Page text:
Many divers have an affinity for shipwrecks. We seem to be drawn to examples of how man tries to tame the ocean with our so-called superior intellect and crafty hands only to find those creations dashed and sent to a watery grave. Through the power of the sea, and man’s folly, we divers often benefit with fun dive sites.
The problem we often run into is that these hulks are often difficult to reach, either through horizontal distance from shore or vertically in terms of depth. But there are exceptions. Perhaps the best is the easily accessible wreck of the sailboat SueJac.
Thousands of divers each year visit the popular Avalon Underwater Park off Casino Point at Catalina Island, which is a popular scuba-training site. After completing their scuba skills, they venture around the reefs a bit but rarely travel far from the entry area.
There is, however, a corner of the park that holds the gem that is the wreck of the SueJac. Although there are a lot of “wrecks” in the park, this is the only that ended up here accidentally through the forces of nature.
While the mainland side of Catalina Island is calm most of the time, there are times when the weather can turn nasty. This usually occurs when strong offshore or “Santa Ana” winds occur. These winds blow from the mainland toward the normally calm side of the island at up to 60 miles per hour. Such a condition occurred on November 14, 1980, causing the 54-foot sailboat to break anchor and head for the breakwater at Casino Point. The rocks tore into the hull on the port side sending her to the bottom. The wreck settled just outside the eastern boundaries of the Avalon Underwater Park. Diving pioneer and local Avalon resident Jon Hardy arranged to have the boundaries moved so that they included the wreck. In 1999 concrete stairs were added to the underwater park for easier access to the water, making the SueJac the most accessible true wreck in California.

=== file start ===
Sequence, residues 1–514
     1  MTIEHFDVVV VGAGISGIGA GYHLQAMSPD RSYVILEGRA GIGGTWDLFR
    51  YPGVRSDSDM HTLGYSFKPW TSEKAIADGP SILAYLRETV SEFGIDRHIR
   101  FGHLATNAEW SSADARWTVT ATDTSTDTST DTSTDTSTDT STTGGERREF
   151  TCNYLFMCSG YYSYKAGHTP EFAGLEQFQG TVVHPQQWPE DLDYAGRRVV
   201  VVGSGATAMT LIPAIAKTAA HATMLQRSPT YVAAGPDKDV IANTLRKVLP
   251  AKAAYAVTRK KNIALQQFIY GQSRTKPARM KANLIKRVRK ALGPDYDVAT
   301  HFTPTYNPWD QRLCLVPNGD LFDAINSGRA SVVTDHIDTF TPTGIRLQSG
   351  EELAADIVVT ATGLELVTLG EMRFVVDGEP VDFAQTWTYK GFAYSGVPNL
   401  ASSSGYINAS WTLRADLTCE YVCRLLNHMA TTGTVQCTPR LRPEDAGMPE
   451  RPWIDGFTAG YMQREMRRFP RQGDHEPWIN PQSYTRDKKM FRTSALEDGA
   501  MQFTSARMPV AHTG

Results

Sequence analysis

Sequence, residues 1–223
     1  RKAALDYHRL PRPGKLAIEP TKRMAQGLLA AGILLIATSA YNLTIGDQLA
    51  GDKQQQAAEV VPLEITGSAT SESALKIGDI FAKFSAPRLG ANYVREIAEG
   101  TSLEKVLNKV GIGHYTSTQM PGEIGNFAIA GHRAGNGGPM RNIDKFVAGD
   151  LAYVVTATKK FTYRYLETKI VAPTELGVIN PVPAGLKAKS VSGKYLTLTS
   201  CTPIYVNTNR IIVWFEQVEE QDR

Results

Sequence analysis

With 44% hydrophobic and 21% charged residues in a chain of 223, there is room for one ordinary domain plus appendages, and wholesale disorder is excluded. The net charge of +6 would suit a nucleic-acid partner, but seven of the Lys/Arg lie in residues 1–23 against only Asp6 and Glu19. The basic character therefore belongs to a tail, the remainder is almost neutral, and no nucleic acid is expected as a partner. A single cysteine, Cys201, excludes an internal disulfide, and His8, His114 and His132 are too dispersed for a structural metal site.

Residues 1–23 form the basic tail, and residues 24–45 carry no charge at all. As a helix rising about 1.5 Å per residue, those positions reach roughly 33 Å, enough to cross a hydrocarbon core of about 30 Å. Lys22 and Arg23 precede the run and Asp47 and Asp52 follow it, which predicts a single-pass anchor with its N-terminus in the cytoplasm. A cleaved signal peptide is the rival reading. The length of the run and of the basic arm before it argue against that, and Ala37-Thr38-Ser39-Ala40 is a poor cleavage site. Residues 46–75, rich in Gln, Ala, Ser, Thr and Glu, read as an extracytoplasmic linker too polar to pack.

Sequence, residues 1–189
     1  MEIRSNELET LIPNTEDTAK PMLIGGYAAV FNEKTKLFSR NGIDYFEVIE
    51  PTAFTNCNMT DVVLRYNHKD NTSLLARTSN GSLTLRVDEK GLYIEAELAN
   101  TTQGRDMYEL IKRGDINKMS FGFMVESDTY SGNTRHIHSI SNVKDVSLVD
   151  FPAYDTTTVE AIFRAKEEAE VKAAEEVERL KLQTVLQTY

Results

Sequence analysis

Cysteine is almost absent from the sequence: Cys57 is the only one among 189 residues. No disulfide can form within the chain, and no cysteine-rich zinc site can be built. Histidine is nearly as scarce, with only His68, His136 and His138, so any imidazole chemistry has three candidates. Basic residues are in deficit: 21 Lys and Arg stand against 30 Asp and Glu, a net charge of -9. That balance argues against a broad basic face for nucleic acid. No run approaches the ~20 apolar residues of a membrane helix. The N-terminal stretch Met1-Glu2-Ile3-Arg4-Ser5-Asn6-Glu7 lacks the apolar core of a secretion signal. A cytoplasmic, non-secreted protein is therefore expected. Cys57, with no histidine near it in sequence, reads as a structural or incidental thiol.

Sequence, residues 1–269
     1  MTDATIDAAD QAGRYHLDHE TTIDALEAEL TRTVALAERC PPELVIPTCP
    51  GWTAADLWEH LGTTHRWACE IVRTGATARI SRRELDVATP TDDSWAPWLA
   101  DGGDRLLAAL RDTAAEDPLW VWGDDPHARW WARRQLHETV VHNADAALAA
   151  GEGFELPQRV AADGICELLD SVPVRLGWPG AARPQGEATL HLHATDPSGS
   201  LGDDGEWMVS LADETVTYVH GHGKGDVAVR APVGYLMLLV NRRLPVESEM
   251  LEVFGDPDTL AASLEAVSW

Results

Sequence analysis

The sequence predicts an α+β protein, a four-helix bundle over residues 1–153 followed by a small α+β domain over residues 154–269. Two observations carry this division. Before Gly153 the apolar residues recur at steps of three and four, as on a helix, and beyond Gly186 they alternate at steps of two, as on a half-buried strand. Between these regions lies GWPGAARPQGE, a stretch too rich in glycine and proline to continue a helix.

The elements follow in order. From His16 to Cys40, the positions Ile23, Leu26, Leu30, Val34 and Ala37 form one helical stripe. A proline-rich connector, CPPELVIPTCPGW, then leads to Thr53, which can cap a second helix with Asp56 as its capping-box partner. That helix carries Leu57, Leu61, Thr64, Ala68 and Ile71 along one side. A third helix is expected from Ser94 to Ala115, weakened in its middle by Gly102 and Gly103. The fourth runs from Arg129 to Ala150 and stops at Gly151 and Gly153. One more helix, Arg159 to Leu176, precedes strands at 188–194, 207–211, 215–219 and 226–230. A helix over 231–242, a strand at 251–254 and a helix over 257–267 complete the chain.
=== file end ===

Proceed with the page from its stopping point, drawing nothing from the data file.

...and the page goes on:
The wood deck portions of the wreck have long since rotted away but most of the ferro cement hull structure remains. She sits bow down with port side upward almost as if proud to display the wounds that sent her to the bottom. There are two large holes; both large enough to easily swim through. There are some much smaller holes on the stern that probably once held portholes. The bow is 90 feet down with the stern at about 60.
The wide-angle photo ops here are terrific. Get your dive buddy involved and take turns posing framed by the jagged holes. Get a bright colored garibaldi or sheephead involved along with resident gorgonian sea fans for further decoration. Properly lighted you’ll have a great shot.
There are some other great photo subjects here. At the bow and in the wreckage inside the hull it is not unusual to see a moray or lobster. Sheephead are especially friendly within this park, seemingly enjoying their protected status in the no-take preserve. And speckling the hull and nearby reef for you macro photographers are a variety of nudibranchs and numerous brightly colored blue-banded gobies.
Locating the Suejac underwater is easy. The bow lies just inside the outermost large buoy at the east end of the park. Most divers wishing to explore the wreck swim partially on the surface toward the buoy to first clear themselves from the multitude of student divers below. Note a compass heading and then when comfortable head for the bottom. You don’t need to follow the compass heading precisely but rather just follow the 70-foot profile in the proper general direction and you’ll run right into it. Kelp sometimes obscures the wreck from a distance but this last year the kelp growth has been very sparse due to warm water temperatures.
The Avalon Underwater Park deserves at least two dives just to get the “lay of the land” and after that several more to get to appreciate all it has to offer. The Suejac is just one corner of this wonderful park that you need to see and explore.
Location: At the eastern boundary of the Avalon Underwater Park on Casino Point on the west side of Avalon Bay.
Getting there: Catalina Express departing from San Pedro, Long Beach and Dana Point (catalinaexpress.com). Catalina Flyer from Newport Beach (catalinainfo.com)
Access: A short walk from ferry dock to the other side of the Avalon Harbor. Steps lead to the water.
Skill level: Intermediate
Depths: 60 to 90 feet.
Visibility: Very good, averaging 50 feet+.
Facilities: Full gear rentals and air fills available. Restroom facilities, food, and accommodations are located nearby.
Photography: Excellent wide-angle around the wreck holes. Fair macro.
Hunting: None allowed. Park is a preserve.
Hazards: Boat traffic outside the park boundaries. Occasional currents.